Green infrastructure – the use of natural and built systems to slow down, soak up and filter stormwater – is an exciting area of focus for many cities around the world; Green infrastructure can be used to manage wet weather impacts in a way that enhances water quality and strengthens resilience to impacts from climate change. Ottawa has started experimenting with green infrastructure with a number of pilot programs, and has begun collecting data.
Ecology Ottawa issues this state-of-the-city report on green infrastructure in Ottawa to highlight the lessons Ottawa can learn from other jurisdictions regarding next steps on green infrastructure, discuss the policy conversation within the context of existing plans and local actors and concludes with a list of recommendations for the city to develop green infrastructure policy and climate resilience. Some policy recommendations include:
- Move beyond green infrastructure experimentation to widespread implementation, using targets and timelines to track robust implementation.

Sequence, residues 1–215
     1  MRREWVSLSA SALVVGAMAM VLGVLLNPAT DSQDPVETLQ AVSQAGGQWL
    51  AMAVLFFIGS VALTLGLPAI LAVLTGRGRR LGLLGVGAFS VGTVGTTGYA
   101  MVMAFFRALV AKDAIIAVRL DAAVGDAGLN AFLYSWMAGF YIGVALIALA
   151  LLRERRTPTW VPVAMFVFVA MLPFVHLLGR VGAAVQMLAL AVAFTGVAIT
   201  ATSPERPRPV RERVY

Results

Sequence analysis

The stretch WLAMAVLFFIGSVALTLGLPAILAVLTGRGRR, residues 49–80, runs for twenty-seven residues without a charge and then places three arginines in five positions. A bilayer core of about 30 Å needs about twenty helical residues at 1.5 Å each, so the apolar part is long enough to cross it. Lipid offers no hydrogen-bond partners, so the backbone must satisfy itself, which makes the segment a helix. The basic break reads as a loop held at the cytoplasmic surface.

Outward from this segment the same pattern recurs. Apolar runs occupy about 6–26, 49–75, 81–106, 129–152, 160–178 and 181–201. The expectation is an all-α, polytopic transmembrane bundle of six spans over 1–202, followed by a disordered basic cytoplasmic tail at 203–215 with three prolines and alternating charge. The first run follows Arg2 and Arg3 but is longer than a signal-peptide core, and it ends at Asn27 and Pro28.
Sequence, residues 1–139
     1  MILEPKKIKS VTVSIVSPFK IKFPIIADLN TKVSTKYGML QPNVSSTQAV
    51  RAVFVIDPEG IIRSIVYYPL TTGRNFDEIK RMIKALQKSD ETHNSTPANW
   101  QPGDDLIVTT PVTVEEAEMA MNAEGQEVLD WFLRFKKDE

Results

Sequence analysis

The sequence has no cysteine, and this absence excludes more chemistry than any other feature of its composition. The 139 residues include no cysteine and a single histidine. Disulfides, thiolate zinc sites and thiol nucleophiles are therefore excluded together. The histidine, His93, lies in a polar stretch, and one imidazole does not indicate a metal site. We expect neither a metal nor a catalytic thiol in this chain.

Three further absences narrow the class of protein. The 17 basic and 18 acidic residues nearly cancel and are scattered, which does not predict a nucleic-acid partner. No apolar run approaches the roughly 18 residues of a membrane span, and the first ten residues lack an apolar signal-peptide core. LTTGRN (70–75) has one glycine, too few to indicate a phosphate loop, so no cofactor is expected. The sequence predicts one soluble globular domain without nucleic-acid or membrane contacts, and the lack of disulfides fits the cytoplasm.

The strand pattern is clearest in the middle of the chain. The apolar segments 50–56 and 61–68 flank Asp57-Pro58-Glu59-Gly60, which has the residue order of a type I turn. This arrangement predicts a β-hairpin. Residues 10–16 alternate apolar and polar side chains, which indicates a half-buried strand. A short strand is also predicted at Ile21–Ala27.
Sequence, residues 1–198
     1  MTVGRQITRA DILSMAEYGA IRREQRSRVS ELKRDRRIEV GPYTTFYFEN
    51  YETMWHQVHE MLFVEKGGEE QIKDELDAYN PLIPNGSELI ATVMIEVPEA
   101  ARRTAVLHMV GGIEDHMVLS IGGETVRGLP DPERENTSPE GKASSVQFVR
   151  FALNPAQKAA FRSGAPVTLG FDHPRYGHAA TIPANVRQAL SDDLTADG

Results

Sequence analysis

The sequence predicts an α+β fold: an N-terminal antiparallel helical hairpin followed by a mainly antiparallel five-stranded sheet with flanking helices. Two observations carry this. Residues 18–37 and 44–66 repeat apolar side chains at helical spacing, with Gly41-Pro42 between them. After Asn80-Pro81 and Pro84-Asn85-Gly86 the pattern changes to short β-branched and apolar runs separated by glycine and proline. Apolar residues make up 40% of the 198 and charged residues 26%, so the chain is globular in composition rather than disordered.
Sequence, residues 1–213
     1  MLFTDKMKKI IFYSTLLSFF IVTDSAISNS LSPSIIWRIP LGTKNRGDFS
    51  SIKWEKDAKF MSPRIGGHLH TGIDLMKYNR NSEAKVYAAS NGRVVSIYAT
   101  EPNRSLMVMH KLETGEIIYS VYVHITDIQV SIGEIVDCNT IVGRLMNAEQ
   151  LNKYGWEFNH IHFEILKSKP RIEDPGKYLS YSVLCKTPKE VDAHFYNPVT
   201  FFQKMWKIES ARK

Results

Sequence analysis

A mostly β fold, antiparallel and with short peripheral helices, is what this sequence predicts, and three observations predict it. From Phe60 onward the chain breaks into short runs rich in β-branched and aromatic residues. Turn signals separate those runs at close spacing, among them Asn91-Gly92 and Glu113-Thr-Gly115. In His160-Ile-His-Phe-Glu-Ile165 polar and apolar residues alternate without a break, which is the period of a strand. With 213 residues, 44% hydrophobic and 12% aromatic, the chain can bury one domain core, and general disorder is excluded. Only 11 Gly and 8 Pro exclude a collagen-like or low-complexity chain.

- Develop a green roofs bylaw, following the example set by the City of Toronto.
- Implement green streets at scale, using a “green standard” for street design and adequate funding for widespread implementation.
- Develop and preserve Ottawa’s urban forest using hard targets for reducing effective impervious areas and for enhancing urban forest canopy cover.
- Implement low-impact development requirements for new developments and re-developments. As part of this, the City could use runoff volume control targets to manage at least the first 25 millimetres of water on site.
- Promote on-site green infrastructure measures for homeowners through the use of a public engagement and awareness campaigns, like the one currently being piloted in the Pinecrest area.